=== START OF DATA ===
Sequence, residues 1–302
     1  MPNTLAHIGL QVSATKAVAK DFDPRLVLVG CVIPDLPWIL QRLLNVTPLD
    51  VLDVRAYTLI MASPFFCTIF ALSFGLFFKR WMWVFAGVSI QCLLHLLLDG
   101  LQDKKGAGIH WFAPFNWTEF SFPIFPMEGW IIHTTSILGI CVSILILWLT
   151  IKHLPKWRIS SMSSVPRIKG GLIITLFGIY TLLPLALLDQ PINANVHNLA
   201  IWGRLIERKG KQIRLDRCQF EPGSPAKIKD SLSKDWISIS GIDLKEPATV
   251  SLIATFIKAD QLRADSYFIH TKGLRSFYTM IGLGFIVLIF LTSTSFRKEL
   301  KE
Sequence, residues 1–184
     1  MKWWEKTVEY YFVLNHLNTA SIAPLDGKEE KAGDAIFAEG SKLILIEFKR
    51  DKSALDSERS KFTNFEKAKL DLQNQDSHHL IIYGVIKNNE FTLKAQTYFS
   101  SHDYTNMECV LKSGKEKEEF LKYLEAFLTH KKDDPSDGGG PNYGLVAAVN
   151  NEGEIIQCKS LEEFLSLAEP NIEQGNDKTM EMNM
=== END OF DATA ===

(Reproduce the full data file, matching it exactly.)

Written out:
Sequence, residues 1–302
     1  MPNTLAHIGL QVSATKAVAK DFDPRLVLVG CVIPDLPWIL QRLLNVTPLD
    51  VLDVRAYTLI MASPFFCTIF ALSFGLFFKR WMWVFAGVSI QCLLHLLLDG
   101  LQDKKGAGIH WFAPFNWTEF SFPIFPMEGW IIHTTSILGI CVSILILWLT
   151  IKHLPKWRIS SMSSVPRIKG GLIITLFGIY TLLPLALLDQ PINANVHNLA
   201  IWGRLIERKG KQIRLDRCQF EPGSPAKIKD SLSKDWISIS GIDLKEPATV
   251  SLIATFIKAD QLRADSYFIH TKGLRSFYTM IGLGFIVLIF LTSTSFRKEL
   301  KE
Sequence, residues 1–184
     1  MKWWEKTVEY YFVLNHLNTA SIAPLDGKEE KAGDAIFAEG SKLILIEFKR
    51  DKSALDSERS KFTNFEKAKL DLQNQDSHHL IIYGVIKNNE FTLKAQTYFS
   101  SHDYTNMECV LKSGKEKEEF LKYLEAFLTH KKDDPSDGGG PNYGLVAAVN
   151  NEGEIIQCKS LEEFLSLAEP NIEQGNDKTM EMNM